Centre of Excellence: A Nerve-Centre of Robotic Process Automation

Robotic process automation is a key component in accelerating digital transformation in the world today. But how do you ensure your approach to automation is optimised? A Centre of Excellence may help…

Robotic Process Automation (RPA) can automate and digitise the repetitive processes typically performed by human operators, and it is proving increasingly popular in the business world.

In 2018, analysts at Gartner forecast that worldwide spending on RPA would hit $680m in 2018 and that it was on track to reach £2.4bn spend in 2022. Gartner predicted that 85% of large companies will have established some form of RPA by 2022. More recently, Brandessence Market Research estimated that RPA generated $2.7bn in global revenues in 2020, and is expected to achieve $18.3bn in 2027.

The purpose of RPA is that it cuts the fat from the lean, refining processes to their essence through the deployment of bots. So when it’s weaved into the fabric of an organisation and crossing departmental boundaries, a fragmented approach just won’t cut it.

As we revealed in a recent report published by The AI Journal, if you’re taking RPA seriously, you need a Center of Excellence (CoE).

Say you’re at the point where your CEO and leadership team are onboard with RPA, you’ve introduced the technology across a couple of processes and they are literally paying dividends, slashing costs, eliminating human error and streamlining customer relations. What’s the next step?


Pulling the Strands Together

Within AI circles, there’s a consensus that those companies which have enabled RPA to truly thrive across their businesses have formalised the process by forming a CoE. The benefits are numerous. As its name suggests, it becomes the nerve centre of company-wide RPA and creates a standardised framework that makes subsequent project roll-outs significantly smoother.

A CoE also delineates RPA leadership, providing governance and helping the company define requirements, optimise resources and manpower, promote best practice and advise other departments and operations on how best to implement RPA. In short, it pulls together multiple strands from across the business and validates a centralised approach to RPA.

But that’s not to say that a CoE should become a department like any other, or an adjunct of another department such as IT. It should stand alone. Possibly a CoE’s most important characteristic should be nimbleness. After all, RPA is designed to introduce efficiencies by bringing disparate elements into a cohesive whole.

In the words of provider UiPath, a CoE is “essentially the way to embed RPA deeply and effectively into the organisation and to redistribute accumulated knowledge and resources across future deployments”.

Here are some of the facets a CoE should oversee: governance, by establishing standards, policies and procedures across the business; organisation, by managing internal and external responsibilities and dealing with change management; technology, by selecting the right tools for jobs; processes, through executing and monitoring RPA; and operations.


New Skill Sets for Your RPA Strategy

An RPA strategy requires learning new skills – through training existing staff, bringing in new talent, or even outsourcing – to effectively design, monitor and optimise automation and the roles within a CoE should reflect that.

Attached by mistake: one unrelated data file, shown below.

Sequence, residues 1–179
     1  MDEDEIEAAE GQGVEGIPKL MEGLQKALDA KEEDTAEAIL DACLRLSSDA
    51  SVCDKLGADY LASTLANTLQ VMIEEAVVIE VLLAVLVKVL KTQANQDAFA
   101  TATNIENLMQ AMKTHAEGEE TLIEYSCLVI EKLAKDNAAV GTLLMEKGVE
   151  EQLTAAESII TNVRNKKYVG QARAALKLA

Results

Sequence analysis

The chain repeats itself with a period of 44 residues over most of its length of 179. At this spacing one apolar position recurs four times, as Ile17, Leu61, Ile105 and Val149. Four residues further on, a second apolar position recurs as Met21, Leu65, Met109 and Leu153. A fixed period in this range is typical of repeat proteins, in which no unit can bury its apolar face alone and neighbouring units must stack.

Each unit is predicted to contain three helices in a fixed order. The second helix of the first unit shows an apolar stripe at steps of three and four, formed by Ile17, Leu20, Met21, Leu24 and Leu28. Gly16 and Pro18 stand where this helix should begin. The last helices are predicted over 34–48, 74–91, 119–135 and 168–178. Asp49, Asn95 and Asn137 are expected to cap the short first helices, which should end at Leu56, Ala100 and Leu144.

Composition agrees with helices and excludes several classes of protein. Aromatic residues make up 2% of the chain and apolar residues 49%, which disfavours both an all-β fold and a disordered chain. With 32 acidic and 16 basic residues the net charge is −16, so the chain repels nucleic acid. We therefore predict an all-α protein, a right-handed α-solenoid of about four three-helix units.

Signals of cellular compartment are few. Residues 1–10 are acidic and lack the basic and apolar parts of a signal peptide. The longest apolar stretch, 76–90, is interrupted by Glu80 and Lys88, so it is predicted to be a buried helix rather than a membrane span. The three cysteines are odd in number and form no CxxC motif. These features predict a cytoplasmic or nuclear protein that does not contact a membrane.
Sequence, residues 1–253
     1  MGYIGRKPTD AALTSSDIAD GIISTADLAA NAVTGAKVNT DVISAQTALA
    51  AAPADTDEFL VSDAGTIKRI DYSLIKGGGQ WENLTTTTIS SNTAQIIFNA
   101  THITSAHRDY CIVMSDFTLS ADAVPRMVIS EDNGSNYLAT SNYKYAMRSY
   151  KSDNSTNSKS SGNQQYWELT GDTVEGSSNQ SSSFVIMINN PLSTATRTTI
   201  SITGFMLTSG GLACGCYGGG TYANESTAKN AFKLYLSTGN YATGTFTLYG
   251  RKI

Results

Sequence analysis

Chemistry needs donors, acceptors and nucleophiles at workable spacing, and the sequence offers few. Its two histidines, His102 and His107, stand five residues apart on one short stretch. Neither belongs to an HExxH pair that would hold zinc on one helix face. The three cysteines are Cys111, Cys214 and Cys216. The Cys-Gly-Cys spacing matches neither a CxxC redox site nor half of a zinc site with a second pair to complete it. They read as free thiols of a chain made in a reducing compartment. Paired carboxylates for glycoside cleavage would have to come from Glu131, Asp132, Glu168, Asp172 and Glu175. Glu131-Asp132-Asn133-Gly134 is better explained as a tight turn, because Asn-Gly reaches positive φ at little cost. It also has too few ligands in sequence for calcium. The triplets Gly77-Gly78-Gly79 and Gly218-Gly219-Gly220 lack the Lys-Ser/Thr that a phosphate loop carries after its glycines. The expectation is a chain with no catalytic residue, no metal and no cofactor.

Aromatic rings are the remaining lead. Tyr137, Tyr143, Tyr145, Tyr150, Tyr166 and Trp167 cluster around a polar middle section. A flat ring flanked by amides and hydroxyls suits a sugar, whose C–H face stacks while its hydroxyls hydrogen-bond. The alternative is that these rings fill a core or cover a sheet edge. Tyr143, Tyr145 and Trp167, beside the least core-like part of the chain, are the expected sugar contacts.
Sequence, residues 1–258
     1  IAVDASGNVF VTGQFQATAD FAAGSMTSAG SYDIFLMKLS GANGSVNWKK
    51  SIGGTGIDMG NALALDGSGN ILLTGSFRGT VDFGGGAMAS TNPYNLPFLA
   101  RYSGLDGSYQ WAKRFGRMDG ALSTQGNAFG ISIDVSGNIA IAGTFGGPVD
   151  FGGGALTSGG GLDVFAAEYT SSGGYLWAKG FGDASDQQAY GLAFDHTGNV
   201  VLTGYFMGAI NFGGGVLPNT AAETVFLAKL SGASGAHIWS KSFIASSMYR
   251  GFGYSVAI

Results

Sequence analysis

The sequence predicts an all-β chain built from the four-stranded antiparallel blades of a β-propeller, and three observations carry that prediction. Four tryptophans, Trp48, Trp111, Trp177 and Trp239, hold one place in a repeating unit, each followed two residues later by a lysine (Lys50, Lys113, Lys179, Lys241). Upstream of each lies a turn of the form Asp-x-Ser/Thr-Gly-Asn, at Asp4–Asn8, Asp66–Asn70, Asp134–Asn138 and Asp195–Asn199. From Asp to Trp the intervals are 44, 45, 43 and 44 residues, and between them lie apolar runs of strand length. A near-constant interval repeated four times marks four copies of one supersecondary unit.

At a fairly basic level, a CoE team should comprise an RPA sponsor, or leader – someone who oversees strategy and implementation across the business; an analyst who has responsibility for the roadmap, assessing business processes and tracking the reporting on ROI; and a developer in charge of creating, testing and deploying bots, as well as providing technical support both in terms of maintenance and development.


Ensuring Your RPA Strategy Can Handle Change

There are other positions too that will become necessary as a business’s RPA strategy evolves. One of the most important is that of the change manager.

It may sound simplistic, but as RPA becomes more bedded into a company, what is happening to all intents and purposes is that robots are taking on more roles. The company makeup is changing. It’s therefore vital that change management is not overlooked, as it so often is. Effective change management will smooth the path towards greater automation.

Meanwhile, as RPA begins to permeate multiple elements of a business, the importance of IT support will become more pronounced. The CoE should therefore engage with IT functions such as infrastructure, service and support, security and compliance. This is why many companies appoint an IT liaison to the CoE, someone from IT who will synchronise automation requirements with the department.


Establishing a Council of Excellence

Finally, a business might also consider founding a CoE council that meets regularly and acts as a steering committee for overarching governance and direction. This should be a group of key representatives from across the business – from IT, finance, auditing and HR, for starters. The council will ensure that objectives are in line with company direction and meet management goals and expectations, and encourage and facilitate greater take-up of RPA across the business.

Clearly, establishing an RPA strategy is just one aspect of a business’s digital transformation. It therefore follows that a CoE is aligned with a business’s vision for the future. Given that RPA’s raison d’être is to bolster efficiencies, cut costs and improve customer relations, a CoE should be a driver of that transformation.

About Our Guest Writer

Tom Allen
Founder, The AI Journal

Tom Allen is the Founder of The AI Journal, an online thought leadership dedicated to all things Artificial Intelligence. He studied at Nottingham Trent University and is an avid content creator and champion of thought leadership.